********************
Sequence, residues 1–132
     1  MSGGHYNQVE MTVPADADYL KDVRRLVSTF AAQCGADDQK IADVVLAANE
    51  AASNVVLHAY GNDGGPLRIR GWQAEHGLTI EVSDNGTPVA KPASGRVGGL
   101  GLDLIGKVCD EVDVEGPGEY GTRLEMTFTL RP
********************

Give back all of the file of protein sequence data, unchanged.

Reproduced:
Sequence, residues 1–132
     1  MSGGHYNQVE MTVPADADYL KDVRRLVSTF AAQCGADDQK IADVVLAANE
    51  AASNVVLHAY GNDGGPLRIR GWQAEHGLTI EVSDNGTPVA KPASGRVGGL
   101  GLDLIGKVCD EVDVEGPGEY GTRLEMTFTL RP